Bellamy’s Big Picture

In order to create an environmentally sustainable community, both elected officials and citizens must be open to policy and lifestyle changes, Asheville Mayor Terry Bellamy said in her April 3 State of the City address.

Hand it to ya: Mayor Terry Bellamy applauds city staff during her State of the City address. The speech highlighted accomplishments from the past year and pointed to her priorities for the future. photo by Jonathan Welch

Standing before a nearly full City Council chamber, Bellamy gave her second such address, highlighting several topics, including the inevitability of new environmentally sound policies. “The way we used to do business is no longer viable,” she said. “We must increase our tolerance for sustainable initiatives beyond recycling and other staff-driven programs.”

Bellamy began giving the annual speech at City Hall after her election in 2006, saying that while previous addresses were done by request before local organizations, the city’s seat of government was the most appropriate venue.

“I choose to give the address here first because it is important that the citizens of Asheville have the opportunity to hear the status of the city and my vision for the future from the source, at the source where policies are made,” she said.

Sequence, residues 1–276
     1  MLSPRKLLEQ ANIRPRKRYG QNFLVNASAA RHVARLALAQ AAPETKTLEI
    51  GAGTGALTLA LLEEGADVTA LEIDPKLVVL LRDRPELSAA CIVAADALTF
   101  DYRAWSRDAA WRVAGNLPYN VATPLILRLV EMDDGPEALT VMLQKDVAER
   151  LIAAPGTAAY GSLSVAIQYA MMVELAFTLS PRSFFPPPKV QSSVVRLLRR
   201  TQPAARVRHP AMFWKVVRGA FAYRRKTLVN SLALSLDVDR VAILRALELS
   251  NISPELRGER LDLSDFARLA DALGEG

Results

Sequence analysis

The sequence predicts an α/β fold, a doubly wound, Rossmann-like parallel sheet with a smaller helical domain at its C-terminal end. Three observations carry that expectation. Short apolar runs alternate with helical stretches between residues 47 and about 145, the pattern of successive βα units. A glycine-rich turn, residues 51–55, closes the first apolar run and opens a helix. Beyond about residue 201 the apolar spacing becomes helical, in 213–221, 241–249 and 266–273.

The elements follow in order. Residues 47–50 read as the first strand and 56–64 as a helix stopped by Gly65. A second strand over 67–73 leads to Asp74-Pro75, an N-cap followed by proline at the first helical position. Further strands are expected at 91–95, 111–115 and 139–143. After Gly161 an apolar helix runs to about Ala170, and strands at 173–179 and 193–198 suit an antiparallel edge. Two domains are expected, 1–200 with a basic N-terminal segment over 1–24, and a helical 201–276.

Bellamy highlighted city advances in the past year, including steps to repair Asheville’s water system and Civic Center.

Noting that the $2.4 million deficit resulting from the 2006 water agreement breakup was similar to the $2.6 million shortfall left by the state-budget crisis, she noted that this year the city was able to make spending cuts without reducing services or cutting jobs.

Most of Bellamy’s topics, such as development in the city, straddled both the past and the future. Noting that building-permit applications jumped 200 percent in the past 10 years, she stressed that Asheville must develop its relationship with Buncombe County to properly prepare for growth. She also pointed out that upcoming Unified Development Ordinance amendments for steep-slope development, landscaping requirements, enforcement and signage are currently in the works.

But Bellamy emphasized that the city government cannot confront every issue on its own, encouraging Asheville residents to become involved in activities like volunteerism and public safety. Neighbors, she said, should coordinate their efforts to better watch out for each other, and report criminal activities to police.

The mayor’s final words, which were directed at City Council and the community at large, stressed overcoming divisiveness and disagreement to shape the future.

“Council members have their own vision for the city. But when we come together, we get better results,” she said. “Our diversity only holds us back as much as we permit it to.”

The entire text of Mayor Bellamy’s address can be found on the city of Asheville’s Web site (


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